Gene gives a small, slightly exasperated laugh. “Maybe,” he acknowledges. “But you need to be able to make those good decisions for yourself, and have faith in your own judgment. What if it's not always me? What if you find yourself with another Joseph?”

Robert feels himself suck in a breath, feels his arm tighten around Gene. “Don't even joke about that.”

“It's not a joke. And I'm not planning on going anywhere, but I'd rest easier knowing that you could keep yourself safe and healthy even without me.”

Robert doesn't have an answer to that. The thought of anything happening to Gene is something his mind flinches away from, but... it's also not a possibility that either of them can discount. They both know that loss can come quick and premature and unexpected.

To be honest, Robert doesn't even know why he's resisting the idea of medication. He doesn't get the same blissful highs that Alex apparently got, or not enough to be worth the crushing depressions that follow. Most of the time Robert just feels like he's spent his entire life being unhappy—that even on his brightest days he's never lived without the threat of darkness lurking around the edges, just waiting for the sun to set so that it can close in again. One would think he'd be glad to be medicated out of that. Eager, even, but—

But that's him. That's what he is, that's who he is, as fundamentally a part of him as the blood vessels rooted in his body. If this, all of this, is just an illness, then what would even be left of him if they managed to cure it? Where the hell does the illness leave off and Robert begins?

It's frightening—terrifying, even—to think that a simple pill could medicate him out of existence. And maybe he'd be happier that way, but maybe he wouldn't be him anymore—like erasing the person he is now to make room for a cleaner, shinier Robert who just wouldn't care about these things anymore, a Robert who takes his pills and sees his shrink and doesn't have to be so goddamned difficult all the time. That this Robert would cease to exist, and no one would even miss him.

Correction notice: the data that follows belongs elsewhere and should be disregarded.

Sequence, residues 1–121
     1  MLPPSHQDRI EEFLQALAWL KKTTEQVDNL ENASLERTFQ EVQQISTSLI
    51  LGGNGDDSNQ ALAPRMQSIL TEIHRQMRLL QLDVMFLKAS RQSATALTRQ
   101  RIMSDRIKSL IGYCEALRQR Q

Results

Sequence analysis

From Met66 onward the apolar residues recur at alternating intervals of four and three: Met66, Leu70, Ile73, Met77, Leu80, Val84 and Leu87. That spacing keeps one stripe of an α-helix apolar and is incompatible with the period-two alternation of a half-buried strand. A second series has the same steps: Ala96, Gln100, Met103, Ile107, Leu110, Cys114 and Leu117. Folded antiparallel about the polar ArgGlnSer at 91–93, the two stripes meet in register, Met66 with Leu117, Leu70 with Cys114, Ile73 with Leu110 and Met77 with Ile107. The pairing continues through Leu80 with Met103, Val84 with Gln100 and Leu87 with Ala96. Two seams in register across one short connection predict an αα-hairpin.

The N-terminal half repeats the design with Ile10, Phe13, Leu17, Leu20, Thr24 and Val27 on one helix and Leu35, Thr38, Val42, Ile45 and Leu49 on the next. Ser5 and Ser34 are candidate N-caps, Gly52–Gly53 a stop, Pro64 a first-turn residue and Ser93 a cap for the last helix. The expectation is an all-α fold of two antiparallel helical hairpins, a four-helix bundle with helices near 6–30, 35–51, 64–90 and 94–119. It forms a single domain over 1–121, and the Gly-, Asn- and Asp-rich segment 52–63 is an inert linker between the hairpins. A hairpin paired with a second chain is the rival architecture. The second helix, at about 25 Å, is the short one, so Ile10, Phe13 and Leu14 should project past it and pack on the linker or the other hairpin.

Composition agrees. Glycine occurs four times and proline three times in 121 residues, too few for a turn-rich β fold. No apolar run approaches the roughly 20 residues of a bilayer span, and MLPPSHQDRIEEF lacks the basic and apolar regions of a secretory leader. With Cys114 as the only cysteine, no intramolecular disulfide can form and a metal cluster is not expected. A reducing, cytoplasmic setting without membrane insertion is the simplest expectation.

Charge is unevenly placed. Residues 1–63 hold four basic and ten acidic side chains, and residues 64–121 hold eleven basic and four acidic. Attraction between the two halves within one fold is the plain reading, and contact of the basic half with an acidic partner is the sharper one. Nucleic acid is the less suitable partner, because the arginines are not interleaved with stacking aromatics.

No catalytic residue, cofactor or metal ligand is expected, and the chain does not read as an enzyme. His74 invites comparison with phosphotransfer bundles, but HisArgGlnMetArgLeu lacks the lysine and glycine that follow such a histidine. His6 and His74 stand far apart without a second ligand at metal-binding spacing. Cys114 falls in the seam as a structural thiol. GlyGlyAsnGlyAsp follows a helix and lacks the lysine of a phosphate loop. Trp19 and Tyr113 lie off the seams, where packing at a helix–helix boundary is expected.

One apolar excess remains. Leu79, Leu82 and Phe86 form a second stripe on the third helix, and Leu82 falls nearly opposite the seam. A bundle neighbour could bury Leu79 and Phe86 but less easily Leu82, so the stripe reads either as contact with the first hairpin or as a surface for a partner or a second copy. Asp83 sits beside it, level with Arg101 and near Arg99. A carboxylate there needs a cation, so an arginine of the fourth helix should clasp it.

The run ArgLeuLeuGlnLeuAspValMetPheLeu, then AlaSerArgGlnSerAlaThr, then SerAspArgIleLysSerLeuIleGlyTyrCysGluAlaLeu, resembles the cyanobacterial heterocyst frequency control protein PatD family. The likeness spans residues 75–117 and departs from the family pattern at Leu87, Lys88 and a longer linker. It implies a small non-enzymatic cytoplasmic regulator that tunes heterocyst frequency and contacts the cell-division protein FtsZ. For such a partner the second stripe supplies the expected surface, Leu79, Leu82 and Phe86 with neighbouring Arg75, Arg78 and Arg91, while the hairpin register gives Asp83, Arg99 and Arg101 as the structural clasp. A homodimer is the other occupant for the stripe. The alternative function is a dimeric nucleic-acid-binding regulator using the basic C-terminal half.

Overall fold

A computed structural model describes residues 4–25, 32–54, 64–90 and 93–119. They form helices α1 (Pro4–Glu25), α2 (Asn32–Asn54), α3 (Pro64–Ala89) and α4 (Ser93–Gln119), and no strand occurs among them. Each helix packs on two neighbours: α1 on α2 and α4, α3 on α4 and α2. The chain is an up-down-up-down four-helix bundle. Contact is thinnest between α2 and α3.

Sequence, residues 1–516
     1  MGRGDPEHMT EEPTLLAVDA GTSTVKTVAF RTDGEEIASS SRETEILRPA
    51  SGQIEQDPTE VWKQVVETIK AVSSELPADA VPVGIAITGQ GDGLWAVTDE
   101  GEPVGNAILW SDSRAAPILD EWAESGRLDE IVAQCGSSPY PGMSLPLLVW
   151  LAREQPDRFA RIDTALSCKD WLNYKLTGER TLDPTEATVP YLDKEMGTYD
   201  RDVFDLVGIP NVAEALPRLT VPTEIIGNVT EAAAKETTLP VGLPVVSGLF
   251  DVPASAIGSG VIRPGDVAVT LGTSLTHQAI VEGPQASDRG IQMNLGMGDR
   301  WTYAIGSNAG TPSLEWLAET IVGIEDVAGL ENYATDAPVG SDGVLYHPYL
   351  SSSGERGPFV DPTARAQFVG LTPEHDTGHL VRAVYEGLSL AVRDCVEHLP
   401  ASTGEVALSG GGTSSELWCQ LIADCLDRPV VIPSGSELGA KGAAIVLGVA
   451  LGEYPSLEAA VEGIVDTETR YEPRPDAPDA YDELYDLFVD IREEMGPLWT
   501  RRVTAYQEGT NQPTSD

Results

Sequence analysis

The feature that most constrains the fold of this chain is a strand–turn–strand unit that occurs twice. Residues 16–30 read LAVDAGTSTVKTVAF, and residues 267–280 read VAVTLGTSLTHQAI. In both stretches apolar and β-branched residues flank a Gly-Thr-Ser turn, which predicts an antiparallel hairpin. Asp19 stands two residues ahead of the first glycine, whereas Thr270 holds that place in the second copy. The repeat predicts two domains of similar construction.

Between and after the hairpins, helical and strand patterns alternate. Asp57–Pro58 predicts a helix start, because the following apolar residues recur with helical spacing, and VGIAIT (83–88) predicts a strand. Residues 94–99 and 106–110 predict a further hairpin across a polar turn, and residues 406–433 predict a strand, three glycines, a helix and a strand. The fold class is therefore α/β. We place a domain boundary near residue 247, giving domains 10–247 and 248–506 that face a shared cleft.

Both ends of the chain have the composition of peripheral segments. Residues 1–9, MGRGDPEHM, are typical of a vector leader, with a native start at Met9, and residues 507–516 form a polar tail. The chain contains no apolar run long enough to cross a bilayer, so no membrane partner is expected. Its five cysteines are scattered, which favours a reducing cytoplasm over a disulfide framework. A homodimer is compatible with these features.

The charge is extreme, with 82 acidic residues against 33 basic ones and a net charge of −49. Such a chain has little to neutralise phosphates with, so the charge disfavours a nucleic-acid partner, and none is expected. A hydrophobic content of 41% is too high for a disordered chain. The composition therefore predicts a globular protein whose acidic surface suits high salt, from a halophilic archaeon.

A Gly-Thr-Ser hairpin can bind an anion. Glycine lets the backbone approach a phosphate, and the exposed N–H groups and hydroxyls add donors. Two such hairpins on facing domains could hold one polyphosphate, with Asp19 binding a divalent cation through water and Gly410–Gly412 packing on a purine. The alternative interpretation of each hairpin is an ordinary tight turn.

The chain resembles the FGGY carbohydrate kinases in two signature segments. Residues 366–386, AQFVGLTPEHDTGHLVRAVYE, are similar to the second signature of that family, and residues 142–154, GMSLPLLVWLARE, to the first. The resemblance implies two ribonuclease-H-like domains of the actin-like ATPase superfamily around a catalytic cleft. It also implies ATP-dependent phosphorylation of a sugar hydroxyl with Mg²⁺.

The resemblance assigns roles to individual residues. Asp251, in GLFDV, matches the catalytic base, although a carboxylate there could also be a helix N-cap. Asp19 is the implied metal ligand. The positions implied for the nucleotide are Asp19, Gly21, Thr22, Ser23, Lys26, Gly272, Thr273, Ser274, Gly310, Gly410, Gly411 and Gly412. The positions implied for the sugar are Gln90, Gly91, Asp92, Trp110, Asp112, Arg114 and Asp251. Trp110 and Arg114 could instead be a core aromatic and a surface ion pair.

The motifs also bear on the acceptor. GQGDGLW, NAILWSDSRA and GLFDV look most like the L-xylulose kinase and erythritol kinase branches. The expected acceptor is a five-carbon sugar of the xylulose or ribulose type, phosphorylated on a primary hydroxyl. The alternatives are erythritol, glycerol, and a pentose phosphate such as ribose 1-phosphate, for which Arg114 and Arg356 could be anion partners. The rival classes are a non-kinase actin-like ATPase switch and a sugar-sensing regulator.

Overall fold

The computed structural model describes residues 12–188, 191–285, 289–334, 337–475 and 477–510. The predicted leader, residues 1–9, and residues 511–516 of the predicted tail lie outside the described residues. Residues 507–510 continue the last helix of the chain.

Gene squeezes his hand again. “You don't have to rush into anything. It's just something to think about.”

“I'm thinking about it,” Robert admits.

It helps to know that Gene's not going to push him. That he likes Robert even as he is now, black moods and all, and presumably he doesn't want Robert turning into a different person either. That whatever lithium did to Alex, it didn't make him unrecognizable, it just... leveled him out, Gene said. Robert thinks maybe that wouldn't be so bad, being a little more level.

“I'll go with you, if you like,” Gene offers. “You don't have to do this alone if you don't want to.”

Robert draws in a deep breath. “Yeah,” he says. “Yeah, I might take you up on that.” He tightens his arm around Gene one more time, then releases him. “Anyway. I'll supervise your hedge-trimming, but only if we go inside and warm up first. I'm freezing my fucking balls off out here.”

Gene raises a speculative eyebrow at him. “Warm up, you say? I have some ideas.”

“Mm hmm.” Robert nuzzles into his neck. “I'm sure you're talking about the cider.”

“That would be phase two of the operation, yes,” Gene agrees.

“And phase one?”

He feels Gene laugh and wrap an arm around him. “Come inside and find out.”